Seh-Dong Hong-Beh, leader of Dahomey Amazons (painted by Frederick Forbes in 1851)
Seh-Dong Hong-Beh, leader of Dahomey Amazons (painted by Frederick Forbes in 1851)

The first time I did not know how to fight a war, now I know. If you start war, I have troops ready. My men are as numerous as works coming out of the earth. I am the king of the Africans and the Europeans have no say in what I do. The villages you are talking about do actually belong to me, they belong to me and wanted to become independent (under your influence), so I gave orders for them to be destroyed (…).

I desire to know how many independent French villages were destroyed by me, King of Dahomey. Remain calm, so your trade in Porto-Novo, this way we will always remain in peace as in the past. If you want war, I am ready. I will not end it even if it lasts a hundred years or kills 20,000 men.”

Behanzin, to Victor Ballot in Porto-Novo, 10 Avril 1892, Archives of the Popular Republic of Benin.

Why the name: Cotonou?

Benin with its map and flag
Benin with its map and flag

When I was little, I always wondered why the name Cotonou was given to a major city in Benin.  I used to think that the name was probably a French transcription of the word ‘coton’ (cotton) for ‘coton – ou’, and that maybe there used to be a lot of cotton there … but nowhere did I find cotton to be the main export or agriculture of Cotonou or Benin.

For starters, Cotonou is the largest city and the economic capital of the Republic of Benin.  Cotonou is known in West Africa for its international market Dantokpa, which is hosted over 20-hectares, and is the largest market in the whole of West Africa, generating over 1 billion CFA-Franc per day.  Cotonou is also well-known for its Zemidjans (or moto-taxis, similar to the Cameroonian bend-skins), and its pollution arising from its use of bad petrol (essence frelatée) also known as kpayo, which is fraudulously imported from neighboring Nigeria.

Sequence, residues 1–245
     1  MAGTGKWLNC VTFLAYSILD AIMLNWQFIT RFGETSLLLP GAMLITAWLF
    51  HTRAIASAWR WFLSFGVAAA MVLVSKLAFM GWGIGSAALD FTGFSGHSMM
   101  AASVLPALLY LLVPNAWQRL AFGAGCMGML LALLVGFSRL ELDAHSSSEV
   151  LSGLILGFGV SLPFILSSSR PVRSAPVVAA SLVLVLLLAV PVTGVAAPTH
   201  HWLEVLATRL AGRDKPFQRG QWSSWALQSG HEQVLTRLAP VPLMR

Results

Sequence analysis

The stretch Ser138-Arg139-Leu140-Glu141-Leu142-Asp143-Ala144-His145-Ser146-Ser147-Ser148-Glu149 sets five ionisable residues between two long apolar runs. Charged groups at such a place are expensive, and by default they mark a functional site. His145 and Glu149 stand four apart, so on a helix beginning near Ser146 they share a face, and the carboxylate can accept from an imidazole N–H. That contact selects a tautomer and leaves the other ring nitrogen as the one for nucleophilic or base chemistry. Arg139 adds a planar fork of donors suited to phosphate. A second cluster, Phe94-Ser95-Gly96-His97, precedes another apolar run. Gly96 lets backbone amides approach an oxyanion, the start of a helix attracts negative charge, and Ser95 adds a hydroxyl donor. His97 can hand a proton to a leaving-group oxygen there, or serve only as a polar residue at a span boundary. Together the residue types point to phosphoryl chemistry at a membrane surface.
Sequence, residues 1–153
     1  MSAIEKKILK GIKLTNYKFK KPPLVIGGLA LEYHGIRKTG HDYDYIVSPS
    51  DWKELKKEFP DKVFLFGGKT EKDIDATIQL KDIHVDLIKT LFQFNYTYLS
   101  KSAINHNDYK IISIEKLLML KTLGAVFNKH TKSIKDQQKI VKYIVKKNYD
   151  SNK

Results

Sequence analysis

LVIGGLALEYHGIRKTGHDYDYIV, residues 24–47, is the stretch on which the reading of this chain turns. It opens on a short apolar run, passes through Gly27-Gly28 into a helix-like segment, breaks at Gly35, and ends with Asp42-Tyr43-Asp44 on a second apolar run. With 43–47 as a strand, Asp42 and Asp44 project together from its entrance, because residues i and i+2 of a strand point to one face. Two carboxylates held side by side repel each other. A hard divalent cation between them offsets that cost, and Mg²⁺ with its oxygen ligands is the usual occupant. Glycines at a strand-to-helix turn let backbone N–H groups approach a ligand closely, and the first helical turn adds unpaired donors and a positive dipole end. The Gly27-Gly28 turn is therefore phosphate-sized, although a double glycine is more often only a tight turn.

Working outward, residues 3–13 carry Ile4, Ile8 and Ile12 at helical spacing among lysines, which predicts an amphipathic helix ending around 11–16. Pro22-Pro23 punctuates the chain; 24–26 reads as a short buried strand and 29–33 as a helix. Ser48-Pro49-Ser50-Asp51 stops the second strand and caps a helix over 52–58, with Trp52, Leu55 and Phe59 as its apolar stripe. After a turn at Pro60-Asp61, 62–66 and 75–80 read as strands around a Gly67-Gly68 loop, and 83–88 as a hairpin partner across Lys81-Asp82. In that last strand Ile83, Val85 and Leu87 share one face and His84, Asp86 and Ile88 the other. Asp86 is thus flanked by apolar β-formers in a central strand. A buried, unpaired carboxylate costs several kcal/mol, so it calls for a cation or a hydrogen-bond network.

Cotonou, today.
Cotonou, today.

Located on the coastal strip between Lake Nokoué, and the Atlantic ocean, Cotonou’s name comes from the Fon language and means “mouth of the river of death.”  At the beginning of the 19th century, Kotonou (as it was then spelled) was a small fishing village.  It was originally ruled by the Kingdom of Dahomey until a treaty made with the French by King Ghezo in 1851 allowed the French to establish a trading post at Cotonou.  When Glèlè succeeded to his father Ghezo, the territory of Kotonou was ceded to France by a treaty signed on 19 May 1868.  After Glèlè’s death in 1889, his son Behanzin tried, unsuccessfully, to challenge the treaty.  The town Cotonou then developed itself quickly to become today the largest harbor in the region.

As the economic capital of the republic of Benin, Cotonou hosts 2/3 of the industries of the country, and is the seat of the main enterprises and banks of Benin.  It also hosts many of the governmental institutions of the country.  It is now the turntable of commerce in the region, especially because of its close proximity with the Nigerian border (and used to be a place for the conversion of the naira), and is the main port for its neighbor land-locked Niger, which is the world’s first producer of uranium. Enjoy this nice video of Cotonou by benin-passion.com.